A Guide to Motorcycle Adventure Riding


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If you have a working motorcycle and an appetite for adventure, nothing is stopping you from exploring all kinds of new places on your bike. Adventure riding is a lifestyle all its own. Unlike a traditional road trip or your daily commute to work, adventure riding is more about the experience than the destination. So, what do you need to get started? Use this guide to discover motorcycle adventure riding essentials, from a motorcycle Bluetooth headset to first aid equipment.

What Is Motorcycle Adventure Riding?

There’s no hard and fast definition for motorcycle adventure riding. It simply means going on an adventure on two wheels instead of four. The trip can be whatever you want it to be. You can use it as an excuse to explore remote areas of the country you’ve only seen in pictures or to go on a soul-searching quest like something out of Five Easy Pieces.  

Some interpret motorcycle adventure riding as driving on off-road trails and unpaved roads, but you shouldn’t drive in these areas unless your motorcycle is equipped for off-road riding. If you feel like driving through the mud, dirt and snow, you’ll need to modify your bike before you depart.

Interest in ADV riding has increased dramatically in recent years. The niche now accounts for 10 percent of all motorcycle sales.

What Do I Need to Start Motorcycle Adventure Riding?

Choosing a Motorcycle

It all starts with choosing the right motorcycle for the journey ahead. You can use just about any type, size or style of bike as long as it’s in good condition and you feel comfortable riding it for long periods of time. There’s a case to be made for both large and small motorcycles. Smaller bikes are easier to learn how to ride than larger bikes, but they are usually meant to be driven on paved surfaces. They are generally much less expensive and require fewer repairs to keep you moving.  

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Larger bikes typically come with larger reinforced tires to help you make your way through all kinds of terrain. They come with additional storage options and produce more power and torque for getting uphill. ADV motorcycles are designed to be driven on both paved and unpaved surfaces. They feature powerful tires and improved suspension to reduce vibrations and a higher seat for taking in your surroundings.

If you really want to get wild and explore the open terrain, use a larger motorcycle or ADV bike to stay safe on the trail. If you plan on sticking to traditional roadways, go with a smaller, lightweight bike that’s easier to carry. Have the bike inspected and repaired by a professional ahead of time.

Wearing the Proper Safety Gear

You will need to wear all the usual motorcycle safety gear during your outdoor adventure, including long pants, sleeves, a jacket, gloves, boots and a full-face or half-face helmet with goggles to protect your eyes and head. Everything you plan on wearing should fit properly to maximize comfort. There shouldn’t be too much excess fabric blowing around to reduce wind resistance. Wear moisture-wicking underlayers like wool and polyester that dry quickly when wet.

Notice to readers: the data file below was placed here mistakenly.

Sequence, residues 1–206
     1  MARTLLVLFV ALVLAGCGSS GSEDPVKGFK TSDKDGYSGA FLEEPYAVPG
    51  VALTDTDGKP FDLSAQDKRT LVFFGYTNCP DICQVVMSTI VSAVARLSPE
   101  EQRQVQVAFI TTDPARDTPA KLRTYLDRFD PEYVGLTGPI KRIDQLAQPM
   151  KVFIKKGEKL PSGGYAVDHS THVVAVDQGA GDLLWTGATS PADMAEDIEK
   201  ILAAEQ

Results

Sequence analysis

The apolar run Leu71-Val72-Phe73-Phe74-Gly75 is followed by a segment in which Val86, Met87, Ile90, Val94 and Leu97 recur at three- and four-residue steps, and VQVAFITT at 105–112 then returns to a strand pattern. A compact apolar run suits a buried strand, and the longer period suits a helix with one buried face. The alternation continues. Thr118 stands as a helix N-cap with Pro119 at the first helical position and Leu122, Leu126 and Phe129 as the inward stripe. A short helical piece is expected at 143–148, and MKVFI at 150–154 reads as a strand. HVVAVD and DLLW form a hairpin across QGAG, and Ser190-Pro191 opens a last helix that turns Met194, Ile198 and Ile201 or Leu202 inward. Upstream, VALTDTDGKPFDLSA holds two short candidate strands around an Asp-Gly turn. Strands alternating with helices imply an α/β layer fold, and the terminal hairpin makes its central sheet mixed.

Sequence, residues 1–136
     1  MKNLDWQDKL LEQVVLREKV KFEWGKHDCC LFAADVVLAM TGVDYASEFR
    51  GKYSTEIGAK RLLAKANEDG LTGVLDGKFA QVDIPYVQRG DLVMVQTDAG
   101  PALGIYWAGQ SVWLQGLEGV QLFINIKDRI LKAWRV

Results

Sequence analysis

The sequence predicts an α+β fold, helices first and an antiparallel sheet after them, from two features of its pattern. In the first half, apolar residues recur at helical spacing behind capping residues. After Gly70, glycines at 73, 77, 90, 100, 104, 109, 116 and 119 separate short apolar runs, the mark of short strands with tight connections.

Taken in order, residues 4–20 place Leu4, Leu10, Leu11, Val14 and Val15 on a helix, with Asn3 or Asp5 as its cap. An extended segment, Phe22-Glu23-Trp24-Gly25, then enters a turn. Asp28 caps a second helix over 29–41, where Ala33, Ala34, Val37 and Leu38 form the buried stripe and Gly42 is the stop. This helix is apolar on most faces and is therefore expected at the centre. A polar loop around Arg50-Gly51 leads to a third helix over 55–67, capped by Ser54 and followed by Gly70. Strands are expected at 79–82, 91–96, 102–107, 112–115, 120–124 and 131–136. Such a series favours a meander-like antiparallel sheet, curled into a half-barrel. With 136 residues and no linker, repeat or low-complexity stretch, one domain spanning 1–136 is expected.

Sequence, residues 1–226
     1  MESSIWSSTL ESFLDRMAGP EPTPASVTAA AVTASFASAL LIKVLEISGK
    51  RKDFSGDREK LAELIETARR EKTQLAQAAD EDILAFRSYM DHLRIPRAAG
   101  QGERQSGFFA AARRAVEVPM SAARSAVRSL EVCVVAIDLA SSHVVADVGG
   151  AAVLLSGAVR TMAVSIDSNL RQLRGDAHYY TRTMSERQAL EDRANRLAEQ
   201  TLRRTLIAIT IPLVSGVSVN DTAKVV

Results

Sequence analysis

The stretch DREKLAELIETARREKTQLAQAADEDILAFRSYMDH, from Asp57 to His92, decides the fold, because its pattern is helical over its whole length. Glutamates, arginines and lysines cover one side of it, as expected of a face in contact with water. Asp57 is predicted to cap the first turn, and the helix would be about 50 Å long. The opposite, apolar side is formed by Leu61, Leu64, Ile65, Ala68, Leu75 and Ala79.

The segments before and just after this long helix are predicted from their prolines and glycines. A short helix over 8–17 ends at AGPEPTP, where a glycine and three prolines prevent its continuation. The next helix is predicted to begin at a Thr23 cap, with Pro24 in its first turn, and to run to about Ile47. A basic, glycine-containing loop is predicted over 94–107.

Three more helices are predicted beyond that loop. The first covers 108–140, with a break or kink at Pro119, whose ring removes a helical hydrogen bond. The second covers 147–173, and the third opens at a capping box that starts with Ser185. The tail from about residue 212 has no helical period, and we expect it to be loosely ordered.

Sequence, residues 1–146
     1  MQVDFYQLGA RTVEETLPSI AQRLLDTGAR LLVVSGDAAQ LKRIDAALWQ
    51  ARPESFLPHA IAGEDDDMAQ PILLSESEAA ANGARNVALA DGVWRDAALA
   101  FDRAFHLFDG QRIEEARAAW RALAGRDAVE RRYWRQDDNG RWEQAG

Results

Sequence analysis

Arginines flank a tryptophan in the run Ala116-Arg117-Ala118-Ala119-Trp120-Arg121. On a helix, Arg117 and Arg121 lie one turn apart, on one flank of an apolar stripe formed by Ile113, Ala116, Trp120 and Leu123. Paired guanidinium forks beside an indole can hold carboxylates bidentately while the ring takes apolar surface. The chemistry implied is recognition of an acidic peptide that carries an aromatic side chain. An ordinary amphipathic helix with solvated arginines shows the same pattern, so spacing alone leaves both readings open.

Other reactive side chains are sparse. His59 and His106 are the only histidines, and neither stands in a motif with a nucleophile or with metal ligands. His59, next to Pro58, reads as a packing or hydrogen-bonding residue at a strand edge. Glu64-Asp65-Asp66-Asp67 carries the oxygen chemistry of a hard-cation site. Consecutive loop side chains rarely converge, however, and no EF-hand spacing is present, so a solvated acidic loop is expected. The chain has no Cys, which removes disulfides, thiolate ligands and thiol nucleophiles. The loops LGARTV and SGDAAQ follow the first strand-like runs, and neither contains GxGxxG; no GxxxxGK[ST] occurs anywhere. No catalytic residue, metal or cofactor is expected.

You never know when you might need to check the map when you’re exploring new areas. Use helmet communication to connect to your phone or GPS throughout your trip quickly. It’s never a good idea to physically reach for your phone or map while driving. Keep your hands on the handlebars and your eyes on the path to avoid getting into an accident. Just speak into the device to send a call, check the directions or radio one of your companions for help.

Use a motorcycle Bluetooth headset that’s compatible with your helmet. It should easily clip onto the side without falling off and produce crystal-clear sound over the roar of your engine. You shouldn’t have to manually adjust the volume while riding. Look for an option that automatically adjusts the listening experience based on your environment.

Adventure riding is always more fun in a group. Make sure to connect your Bluetooth headsets if you plan on riding with another person. This will help you stay in sync with your peers whenever you are in range, so you don’t have to keep resetting the device. Just speak into the headset and you can carry on the conversation as if you were talking in person.

Storage and Packing

You’ll need to either add a storage compartment to the bike or risk going without some of the things you need. A simple backpack may not be large enough to hold all the essentials and your shoulders will likely get tired, limiting how far you can ride. Use a soft shell or hard shell pack that straps onto your motorcycle to increase your load, especially if you need to bring camping gear.

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Remember to bring food and stay hydrated when riding for long periods of time. Make space for lifesaving gear, including a first aid kit, sunscreen, medications, a knife, flashlight, extra batteries, a flare, compass, and a paper map of the local area. Keep emergency contact numbers handy in case you need assistance. The more you prepare, the more you can enjoy the experience at hand.

Are you ready to explore? Keep these tips in mind when taking off on an adventure on your motorcycle.

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